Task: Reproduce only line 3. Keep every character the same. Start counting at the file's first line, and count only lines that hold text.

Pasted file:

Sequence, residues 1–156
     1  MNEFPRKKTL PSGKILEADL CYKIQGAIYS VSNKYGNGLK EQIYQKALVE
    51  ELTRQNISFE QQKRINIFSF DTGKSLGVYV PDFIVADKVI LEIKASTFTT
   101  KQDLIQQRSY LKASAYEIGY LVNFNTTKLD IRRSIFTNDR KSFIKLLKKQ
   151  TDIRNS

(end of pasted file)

    51  ELTRQNISFE QQKRINIFSF DTGKSLGVYV PDFIVADKVI LEIKASTFTT